My New Year’s resolutions: no resolutions, no budget

Happy new year, everyone! :) Hope you had a great time saying buh-bye to 2013 and welcoming 2014. 2013 was a great year for our family and I was kind of sad to see it go. But hey, 2014’s gonna bring us our baby, so YEAH! ROCK ON! :)

And now, on with the first post for 2014. Enjoy!

New-Years-ResolutionsI stopped keeping a budget.

Budgets are for newbies. When you are just starting to use a budget, it helps you see more clearly. You write down things you may otherwise forget. All of this helps you when you feel overwhelmed. Budgets are good for people who are just getting to know their personal finances.

But over time, you get used to the routine activities of managing your money: pay bills first, keep spending down, pump up your savings account. Watch out for those irregular expenses like taxes in April, gift money for Christmas, and paying the car insurance. Yaaaaaaaaaawwwwwwn. Trust me, once you’ve done this for a couple of months, you’ll be able to do it in your sleep.

Now – three years after my financial turnaround – I have a very different approach to budgeting. Instead of doing a budget at the beginning of the month, I do something else. Our “budget” is no longer a budget but rather a spending report. I collect all receipts throughout the month (my husband does the same for me) and at the end of the month, I total them.

Our “budget”/spending report has only three categories so it’s really straightforward and easy to use. ONE, I write down big purchases separately – like when we bought him that cool winter jacket or when we bought a door. (Remember: buying cheap stuff ends up expensive!) TWO, I write down gas and car expenses separately. And THREE, everything else goes into the “daily spending” category, which includes groceries, coffees, and miscelanious items like lightbulbs, socks, and just little stuff like that.

I like that better than a budget because while a budget is just a plan, this is actually real data. Which means it’s 100% accurate.

Of course, the reason we can make this work without a budget is because we’ve made a habit to watch our spending pretty carefully. (I even got over the wholemy-husband-spends-too-much-money thing.) Thanks to the everyday little choices that we make that save us money, we are able to make one bigger purchase each month without worrying whether we can afford it or not.


I hate plans. After all, it’s the results that matter, not how you get there. Which is why I’m not making any New Year’s resolutions. That would require planning! And how can I plan for something I’ve never done before?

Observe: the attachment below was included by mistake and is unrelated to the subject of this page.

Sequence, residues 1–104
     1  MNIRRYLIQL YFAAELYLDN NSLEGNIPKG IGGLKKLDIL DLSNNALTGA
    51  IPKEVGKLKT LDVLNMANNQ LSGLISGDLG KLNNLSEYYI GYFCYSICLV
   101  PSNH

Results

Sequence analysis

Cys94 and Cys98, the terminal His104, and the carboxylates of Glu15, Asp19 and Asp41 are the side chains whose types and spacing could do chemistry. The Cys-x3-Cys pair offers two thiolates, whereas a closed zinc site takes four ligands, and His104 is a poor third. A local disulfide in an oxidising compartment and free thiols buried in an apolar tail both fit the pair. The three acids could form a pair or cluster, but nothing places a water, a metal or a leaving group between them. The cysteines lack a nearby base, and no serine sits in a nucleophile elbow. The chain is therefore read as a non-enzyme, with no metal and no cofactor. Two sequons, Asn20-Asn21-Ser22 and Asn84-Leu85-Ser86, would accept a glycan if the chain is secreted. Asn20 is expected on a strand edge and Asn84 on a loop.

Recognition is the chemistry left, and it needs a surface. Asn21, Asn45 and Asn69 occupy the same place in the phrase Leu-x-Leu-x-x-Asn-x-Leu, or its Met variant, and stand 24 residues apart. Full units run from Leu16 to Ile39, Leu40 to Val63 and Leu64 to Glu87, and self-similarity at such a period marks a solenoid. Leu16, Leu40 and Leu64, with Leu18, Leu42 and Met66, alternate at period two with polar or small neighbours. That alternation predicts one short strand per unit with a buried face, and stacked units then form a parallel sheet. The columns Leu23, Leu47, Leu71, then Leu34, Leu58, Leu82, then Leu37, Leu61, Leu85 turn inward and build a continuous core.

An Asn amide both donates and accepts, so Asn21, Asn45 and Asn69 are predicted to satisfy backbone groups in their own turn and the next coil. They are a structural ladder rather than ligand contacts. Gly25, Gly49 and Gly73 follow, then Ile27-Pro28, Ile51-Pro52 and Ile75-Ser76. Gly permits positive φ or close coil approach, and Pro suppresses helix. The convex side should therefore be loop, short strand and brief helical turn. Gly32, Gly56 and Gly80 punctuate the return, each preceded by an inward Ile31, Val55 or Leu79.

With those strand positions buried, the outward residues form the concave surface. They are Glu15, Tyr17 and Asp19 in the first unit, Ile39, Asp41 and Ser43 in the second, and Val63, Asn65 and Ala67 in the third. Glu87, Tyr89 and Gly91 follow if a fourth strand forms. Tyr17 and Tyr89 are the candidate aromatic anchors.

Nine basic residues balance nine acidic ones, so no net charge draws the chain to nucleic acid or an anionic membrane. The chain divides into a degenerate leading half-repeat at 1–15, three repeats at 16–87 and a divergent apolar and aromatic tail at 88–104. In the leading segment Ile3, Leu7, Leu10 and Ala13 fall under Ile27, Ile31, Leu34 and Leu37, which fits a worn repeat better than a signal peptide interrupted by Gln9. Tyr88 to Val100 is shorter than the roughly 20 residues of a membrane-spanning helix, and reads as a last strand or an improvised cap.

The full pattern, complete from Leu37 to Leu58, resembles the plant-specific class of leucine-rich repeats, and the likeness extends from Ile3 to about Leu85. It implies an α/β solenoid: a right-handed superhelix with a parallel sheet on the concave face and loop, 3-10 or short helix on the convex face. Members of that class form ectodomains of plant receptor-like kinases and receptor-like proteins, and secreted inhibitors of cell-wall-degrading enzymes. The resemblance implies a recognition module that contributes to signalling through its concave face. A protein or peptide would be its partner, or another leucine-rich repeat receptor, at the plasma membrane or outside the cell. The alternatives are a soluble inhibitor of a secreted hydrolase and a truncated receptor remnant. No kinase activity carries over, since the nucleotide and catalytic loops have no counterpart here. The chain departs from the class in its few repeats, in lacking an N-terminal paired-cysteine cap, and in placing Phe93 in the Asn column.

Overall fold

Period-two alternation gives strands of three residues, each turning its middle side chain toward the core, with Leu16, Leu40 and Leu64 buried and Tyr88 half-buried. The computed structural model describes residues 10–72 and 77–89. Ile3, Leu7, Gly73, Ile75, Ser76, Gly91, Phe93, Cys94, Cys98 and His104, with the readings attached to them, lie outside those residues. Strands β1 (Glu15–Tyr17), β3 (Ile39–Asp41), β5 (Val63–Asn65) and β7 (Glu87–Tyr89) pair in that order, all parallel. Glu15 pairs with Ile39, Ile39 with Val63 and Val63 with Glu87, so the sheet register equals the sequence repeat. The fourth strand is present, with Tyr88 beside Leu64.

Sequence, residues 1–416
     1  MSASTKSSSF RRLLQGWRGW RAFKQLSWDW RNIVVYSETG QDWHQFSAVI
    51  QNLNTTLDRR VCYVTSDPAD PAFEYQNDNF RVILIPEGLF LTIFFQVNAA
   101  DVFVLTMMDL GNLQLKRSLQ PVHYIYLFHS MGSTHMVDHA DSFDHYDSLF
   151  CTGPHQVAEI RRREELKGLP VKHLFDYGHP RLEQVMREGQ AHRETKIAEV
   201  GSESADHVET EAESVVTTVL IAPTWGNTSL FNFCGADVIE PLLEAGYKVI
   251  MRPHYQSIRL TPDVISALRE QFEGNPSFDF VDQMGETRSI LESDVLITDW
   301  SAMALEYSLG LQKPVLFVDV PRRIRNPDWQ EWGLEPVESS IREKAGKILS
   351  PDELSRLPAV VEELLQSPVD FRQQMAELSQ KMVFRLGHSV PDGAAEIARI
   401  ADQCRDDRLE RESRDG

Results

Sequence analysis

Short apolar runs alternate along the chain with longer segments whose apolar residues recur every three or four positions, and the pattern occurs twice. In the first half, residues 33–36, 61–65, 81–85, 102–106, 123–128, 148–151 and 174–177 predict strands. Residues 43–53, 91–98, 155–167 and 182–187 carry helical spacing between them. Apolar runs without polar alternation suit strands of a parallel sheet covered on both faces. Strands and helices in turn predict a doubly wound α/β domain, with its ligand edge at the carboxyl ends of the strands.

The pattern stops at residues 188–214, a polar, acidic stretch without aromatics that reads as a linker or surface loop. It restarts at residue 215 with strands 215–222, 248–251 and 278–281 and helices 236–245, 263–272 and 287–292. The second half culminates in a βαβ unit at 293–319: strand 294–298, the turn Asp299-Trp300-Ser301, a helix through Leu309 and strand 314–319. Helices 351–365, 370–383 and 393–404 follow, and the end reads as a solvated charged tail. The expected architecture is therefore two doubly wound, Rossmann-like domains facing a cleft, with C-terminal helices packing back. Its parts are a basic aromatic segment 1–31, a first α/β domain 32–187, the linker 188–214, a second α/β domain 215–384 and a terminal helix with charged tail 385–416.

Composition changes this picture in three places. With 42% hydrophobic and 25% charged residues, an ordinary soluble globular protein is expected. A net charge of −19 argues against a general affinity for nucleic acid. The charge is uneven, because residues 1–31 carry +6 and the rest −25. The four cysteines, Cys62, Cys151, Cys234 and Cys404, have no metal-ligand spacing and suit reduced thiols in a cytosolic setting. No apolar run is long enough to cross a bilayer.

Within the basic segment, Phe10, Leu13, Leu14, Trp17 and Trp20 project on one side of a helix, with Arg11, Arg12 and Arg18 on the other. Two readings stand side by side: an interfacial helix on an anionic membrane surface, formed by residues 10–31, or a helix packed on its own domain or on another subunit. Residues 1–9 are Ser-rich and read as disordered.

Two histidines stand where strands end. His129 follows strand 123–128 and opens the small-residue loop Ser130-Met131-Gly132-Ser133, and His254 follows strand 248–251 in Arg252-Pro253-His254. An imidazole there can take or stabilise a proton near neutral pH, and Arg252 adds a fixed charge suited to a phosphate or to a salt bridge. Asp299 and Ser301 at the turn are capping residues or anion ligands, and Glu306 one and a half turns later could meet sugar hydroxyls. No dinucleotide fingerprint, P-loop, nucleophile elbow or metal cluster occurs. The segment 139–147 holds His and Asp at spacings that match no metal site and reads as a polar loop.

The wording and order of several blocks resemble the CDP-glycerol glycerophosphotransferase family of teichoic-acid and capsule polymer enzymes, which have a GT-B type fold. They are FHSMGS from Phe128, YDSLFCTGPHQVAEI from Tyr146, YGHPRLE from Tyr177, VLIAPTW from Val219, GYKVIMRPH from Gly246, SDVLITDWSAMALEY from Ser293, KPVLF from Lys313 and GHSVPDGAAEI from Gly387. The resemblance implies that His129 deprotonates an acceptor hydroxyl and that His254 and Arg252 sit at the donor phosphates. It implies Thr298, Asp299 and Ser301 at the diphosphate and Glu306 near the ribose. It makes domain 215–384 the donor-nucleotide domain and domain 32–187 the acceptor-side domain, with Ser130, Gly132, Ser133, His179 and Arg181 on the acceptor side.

For example, if I was doing New Year’s resolutions, one of them would be to take good care of my daughter. Awesome! But how do I “plan” for that since I will be a first-time mom and I don’t know anything about taking care of a baby? (I never had a chance to be around babies when I was little. Or older. Or ever! I’m a single child – no siblings – and all my cousins live far far away.)

For me, things never go according to plan. I planned to attract more readers to my blog by writing The Formula for Getting Rich. Instead, one of my most popular posts apparently is How to plan a wedding in 3 months. Go figure.

Another New Year’s resolution could have been, I’d like my husband and I to earn more money. That’s too vague for a resolution, so let’s narrow it down.

One possible way to achieve that would be for me to start teaching dance again, but I have no idea how that’s gonna work out with a baby in the house. And what about when I go back to work once the baby is 6 months? Will I be able to handle all this? I mean, last year it was hard enough that I couldn’t spend much time with my husband because he works in shifts and our schedules don’t match. And now we’re throwing a baby in the picture? Makes me dizzy just thinking about it.

We also want to explore some other ways to make more money which will, again, suck out time. Will we have that time? Will we be able to handle not seeing each other? Wouldn’t that feel weird, especially now that we’ll have a child and we’re both crazy about spedinging time with her, together?

I would also like to start working out so I can get back in the shape I was before getting pregnant. I haven’t put on much weight – about 10 kilos (20 pounds) – but I feel I’ve lost muscle tone. But I’m not going to make a plan about getting in shape. I’m going to have this as a goal, and try different approaches – see what works best. Like, I could work out at home, or I could do running outside, or I could go to a gym. Who knows! It’s the results that matter, not how you get there.


You know, I tend to get those freak-out episodes where I freak out about stuff that hasn’t happened yet. Yeah. I want to have all the answers right now. So I run different scenarios in my head, trying to be prepared for each possible situation.

Which is impossible.

That’s where my husband comes in. He tells me that everything’s going to be okay and that things have a way of working themselves out. I used to dismiss that kind of talk because, well, how could he know? And you can’t just sit around doing nothing and hope for things to “work themselves out,” can you?

But actually, he’s right. You just need to have faith and keep an optimistic outlook on life, trust in yourself and your abilities. Be brave! Try new ways towards your goal if the way you’ve taken so far isn’t working. I guess sometimes, we just need a little reassurance.

So plans? Resolutions? Budgets? Not for me, thanks. I’m fine with just setting a goal and then going with the flow.

Because in nature, the species with the best chance of survival are actually NOT the strongest or the fastest.

It’s those who can adapt.

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